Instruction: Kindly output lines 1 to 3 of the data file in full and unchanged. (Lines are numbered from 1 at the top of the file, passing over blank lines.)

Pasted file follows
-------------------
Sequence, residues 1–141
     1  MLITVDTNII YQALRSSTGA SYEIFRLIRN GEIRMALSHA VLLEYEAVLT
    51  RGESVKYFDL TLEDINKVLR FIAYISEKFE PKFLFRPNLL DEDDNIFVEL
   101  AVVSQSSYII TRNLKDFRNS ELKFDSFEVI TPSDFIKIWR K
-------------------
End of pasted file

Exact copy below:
Sequence, residues 1–141
     1  MLITVDTNII YQALRSSTGA SYEIFRLIRN GEIRMALSHA VLLEYEAVLT
    51  RGESVKYFDL TLEDINKVLR FIAYISEKFE PKFLFRPNLL DEDDNIFVEL